The heart-attack risks of arthritis painkillers Vioxx, Bextra and Celebrex have exposed a regulatory “house of cards” at the Food and Drug Administration, wrote Dr. Eric J. Topol, chairman of cardiovascular medicine at the Cleveland Clinic.
“Unbridled promotion exacerbated the public health problem,” Topol concluded. “The combination of mass promotion of a medicine with an unknown and suspect safety profile cannot be tolerated in the future.” Read more here. Topol’s Journal of American Medicine article: Arthritis Medicines and Cardiovascular Events?”House of Coxibs”
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Drug advertising has truly gone off the deep end. Driving down the beltline and seeing a nonsensical name on a billboard makes no sense.
Carol Ellison: “Opinion: Pennsylvania has given Big Broadband too much control over municipal wireless installations. Other states should not repeat the error.”
The holidays, it seems, can’t pass without a Scrooge story.
This year’s comes from the state of Pennsylvania where early this month Gov. Edward Rendell [Democrat] inked legislation that effectively left the future development of municipal wireless broadband services in that state in the hands of Big Broadband.
The bill lets incumbent carriers (in Pennsylvania, that would be Verizon) determine whether Pennsylvania cities can create? and charge for? municipal wireless access services. The new law came hot on the heels of Philadelphia’s announcement that it planned to do just that. Now, it’s up to Verizon to exercise thumbs-up or thumbs-down on Philadelphia’s wireless ambitions. The company claims it won’t scotch the city’s plan. But what happens when Pittsburgh, Wilkes-Barre, Scranton or Harrisburg decide to unwire?
Malcolm Gladwell pens a very useful look at prescription drug costs:
In the political uproar over prescription-drug costs, Nexium has become a symbol of everything that is wrong with the pharmaceutical industry. The big drug companies justify the high prices they charge–and the extraordinary profits they enjoy–by arguing that the search for innovative, life-saving medicines is risky and expensive. But Nexium is little more than a repackaged version of an old medicine. And the hundred and twenty dollars a month that AstraZeneca charges isn’t to recoup the costs of risky research and development; the costs were for a series of clinical trials that told us nothing we needed to know, and a half-billion-dollar marketing campaign selling the solution to a problem we’d already solved. “The Prilosec pattern, repeated across the pharmaceutical industry, goes a long way to explain why the nation’s prescription drug bill is rising an estimated 17 % a year even as general inflation is quiescent,” the Wall Street Journal concluded, in a front-page article that first revealed the Shark Fin Project.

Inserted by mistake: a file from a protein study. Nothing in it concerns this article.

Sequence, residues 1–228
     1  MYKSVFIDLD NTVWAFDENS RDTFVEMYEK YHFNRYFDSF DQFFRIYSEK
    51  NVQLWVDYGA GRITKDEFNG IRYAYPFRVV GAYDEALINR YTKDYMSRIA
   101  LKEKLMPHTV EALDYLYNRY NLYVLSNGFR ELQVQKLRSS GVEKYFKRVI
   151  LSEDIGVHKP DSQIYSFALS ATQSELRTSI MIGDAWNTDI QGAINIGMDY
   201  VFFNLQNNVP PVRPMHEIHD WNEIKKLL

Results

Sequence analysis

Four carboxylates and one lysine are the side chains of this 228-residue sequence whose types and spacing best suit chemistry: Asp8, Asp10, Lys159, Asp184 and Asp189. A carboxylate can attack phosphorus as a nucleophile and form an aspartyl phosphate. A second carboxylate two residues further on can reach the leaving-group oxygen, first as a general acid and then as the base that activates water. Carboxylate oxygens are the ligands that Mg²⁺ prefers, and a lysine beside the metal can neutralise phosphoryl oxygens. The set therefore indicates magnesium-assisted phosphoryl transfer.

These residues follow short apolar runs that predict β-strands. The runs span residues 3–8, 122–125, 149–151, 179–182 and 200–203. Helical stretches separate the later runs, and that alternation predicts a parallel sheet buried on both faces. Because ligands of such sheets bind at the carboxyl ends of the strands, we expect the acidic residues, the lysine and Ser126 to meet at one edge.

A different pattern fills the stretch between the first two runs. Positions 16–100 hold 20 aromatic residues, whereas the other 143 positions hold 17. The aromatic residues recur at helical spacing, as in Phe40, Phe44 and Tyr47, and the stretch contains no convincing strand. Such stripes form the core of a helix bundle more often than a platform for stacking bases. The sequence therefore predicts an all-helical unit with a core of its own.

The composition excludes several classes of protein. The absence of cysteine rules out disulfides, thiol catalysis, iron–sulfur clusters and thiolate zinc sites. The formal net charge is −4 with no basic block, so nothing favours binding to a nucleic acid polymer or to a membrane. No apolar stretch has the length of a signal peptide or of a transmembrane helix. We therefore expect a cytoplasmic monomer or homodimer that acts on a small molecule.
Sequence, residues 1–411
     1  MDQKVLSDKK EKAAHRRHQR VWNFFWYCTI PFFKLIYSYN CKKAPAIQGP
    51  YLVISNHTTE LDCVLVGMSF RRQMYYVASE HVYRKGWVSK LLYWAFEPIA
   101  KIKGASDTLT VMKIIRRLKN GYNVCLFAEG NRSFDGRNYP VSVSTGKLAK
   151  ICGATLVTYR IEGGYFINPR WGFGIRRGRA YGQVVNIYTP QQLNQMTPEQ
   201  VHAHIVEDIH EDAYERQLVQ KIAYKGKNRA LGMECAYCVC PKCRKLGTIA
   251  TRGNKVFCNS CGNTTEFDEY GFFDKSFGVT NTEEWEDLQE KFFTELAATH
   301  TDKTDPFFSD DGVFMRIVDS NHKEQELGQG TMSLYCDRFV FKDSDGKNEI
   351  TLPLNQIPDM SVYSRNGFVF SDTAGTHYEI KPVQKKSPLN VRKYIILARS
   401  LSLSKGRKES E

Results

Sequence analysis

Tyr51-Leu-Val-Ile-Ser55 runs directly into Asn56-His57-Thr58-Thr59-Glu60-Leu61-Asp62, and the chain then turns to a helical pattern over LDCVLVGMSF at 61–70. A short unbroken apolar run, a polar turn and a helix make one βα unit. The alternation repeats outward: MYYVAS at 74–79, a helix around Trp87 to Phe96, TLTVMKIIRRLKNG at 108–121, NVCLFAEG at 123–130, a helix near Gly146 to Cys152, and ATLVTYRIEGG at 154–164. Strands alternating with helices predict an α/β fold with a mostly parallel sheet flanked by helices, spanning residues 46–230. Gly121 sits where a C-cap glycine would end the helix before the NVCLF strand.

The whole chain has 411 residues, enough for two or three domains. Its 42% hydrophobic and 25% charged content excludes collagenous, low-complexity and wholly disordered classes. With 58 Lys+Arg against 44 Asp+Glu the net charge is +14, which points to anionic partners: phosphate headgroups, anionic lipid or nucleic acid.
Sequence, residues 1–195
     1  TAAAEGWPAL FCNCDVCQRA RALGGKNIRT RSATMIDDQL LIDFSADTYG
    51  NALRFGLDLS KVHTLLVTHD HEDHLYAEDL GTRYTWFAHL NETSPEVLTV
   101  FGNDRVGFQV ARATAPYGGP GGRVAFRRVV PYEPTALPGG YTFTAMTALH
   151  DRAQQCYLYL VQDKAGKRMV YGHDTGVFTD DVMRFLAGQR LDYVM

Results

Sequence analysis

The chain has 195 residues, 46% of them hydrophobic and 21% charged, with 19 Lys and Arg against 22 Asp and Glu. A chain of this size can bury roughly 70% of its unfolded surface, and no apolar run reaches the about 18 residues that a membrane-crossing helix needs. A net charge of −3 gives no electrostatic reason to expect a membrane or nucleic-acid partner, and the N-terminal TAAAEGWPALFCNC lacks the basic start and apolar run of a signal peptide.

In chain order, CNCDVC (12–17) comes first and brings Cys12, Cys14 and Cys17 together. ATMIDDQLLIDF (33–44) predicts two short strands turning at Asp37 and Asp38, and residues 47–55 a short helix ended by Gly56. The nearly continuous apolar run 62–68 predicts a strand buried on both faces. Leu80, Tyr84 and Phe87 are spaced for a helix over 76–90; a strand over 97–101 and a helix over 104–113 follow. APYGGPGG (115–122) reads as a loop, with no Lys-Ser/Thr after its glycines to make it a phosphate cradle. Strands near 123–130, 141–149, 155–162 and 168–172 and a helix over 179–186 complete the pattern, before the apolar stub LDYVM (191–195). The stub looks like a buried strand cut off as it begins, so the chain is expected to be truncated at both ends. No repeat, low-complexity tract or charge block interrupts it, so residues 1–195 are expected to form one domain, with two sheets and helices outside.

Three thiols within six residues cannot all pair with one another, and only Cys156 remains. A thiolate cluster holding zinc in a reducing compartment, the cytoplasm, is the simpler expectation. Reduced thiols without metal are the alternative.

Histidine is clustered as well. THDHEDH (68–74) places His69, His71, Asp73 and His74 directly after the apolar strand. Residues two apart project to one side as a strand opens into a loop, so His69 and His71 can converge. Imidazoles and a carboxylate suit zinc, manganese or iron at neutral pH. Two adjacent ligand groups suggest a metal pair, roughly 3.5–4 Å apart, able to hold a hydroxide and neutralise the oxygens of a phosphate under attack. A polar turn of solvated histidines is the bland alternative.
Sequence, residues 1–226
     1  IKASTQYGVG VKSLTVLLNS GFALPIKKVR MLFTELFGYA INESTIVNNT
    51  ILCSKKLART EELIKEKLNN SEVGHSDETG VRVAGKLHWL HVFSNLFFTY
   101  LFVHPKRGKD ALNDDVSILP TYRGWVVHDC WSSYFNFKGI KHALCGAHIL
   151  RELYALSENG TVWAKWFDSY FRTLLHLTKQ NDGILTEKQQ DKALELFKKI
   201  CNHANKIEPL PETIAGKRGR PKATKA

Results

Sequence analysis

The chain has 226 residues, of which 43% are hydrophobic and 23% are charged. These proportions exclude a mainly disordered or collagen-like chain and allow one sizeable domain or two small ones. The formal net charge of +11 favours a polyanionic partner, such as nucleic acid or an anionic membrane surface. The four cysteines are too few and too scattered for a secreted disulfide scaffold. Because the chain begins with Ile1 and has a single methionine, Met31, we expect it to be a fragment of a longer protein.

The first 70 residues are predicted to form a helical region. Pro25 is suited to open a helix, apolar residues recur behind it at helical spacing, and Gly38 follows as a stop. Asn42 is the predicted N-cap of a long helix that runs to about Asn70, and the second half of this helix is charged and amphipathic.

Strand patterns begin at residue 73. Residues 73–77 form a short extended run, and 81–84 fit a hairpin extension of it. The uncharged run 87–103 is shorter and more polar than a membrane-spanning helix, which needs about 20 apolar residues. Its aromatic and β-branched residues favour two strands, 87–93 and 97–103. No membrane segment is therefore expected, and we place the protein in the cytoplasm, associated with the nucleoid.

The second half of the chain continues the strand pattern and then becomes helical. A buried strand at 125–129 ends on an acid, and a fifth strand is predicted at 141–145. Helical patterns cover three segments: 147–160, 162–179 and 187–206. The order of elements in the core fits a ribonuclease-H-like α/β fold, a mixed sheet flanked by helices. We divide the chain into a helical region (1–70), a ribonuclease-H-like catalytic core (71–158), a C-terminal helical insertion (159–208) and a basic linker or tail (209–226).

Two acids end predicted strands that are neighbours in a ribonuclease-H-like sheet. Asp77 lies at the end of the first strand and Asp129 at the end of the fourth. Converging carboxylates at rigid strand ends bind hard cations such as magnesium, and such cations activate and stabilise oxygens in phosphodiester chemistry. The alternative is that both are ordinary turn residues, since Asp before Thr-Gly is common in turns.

Richard Smith offers up some background, and links on the Comair shutdown this past weekend.
According to the article, Comair is running a 15-year old scheduling software package from SBS International (www.sbsint.com). The software has a hard limit of 32,000 schedule changes per month. With all of the bad weather last week, Comair apparently hit this limit and then was unable to assign pilots to planes.
It sounds like 16-bit integers are being used in the SBS International scheduling software to identify transactions. Given that the software is 15 years old, this design decision perhaps was made to save on memory usage. In retrospect, 16-bit integers were probably not a wise choice.
It’s generally amazing things work as well as they do This example also demonstrates the importance of keeping software up to date….
Mathematicians have made a crochet model of chaos – and are challenging anyone else to repeat the effort according to the BBC.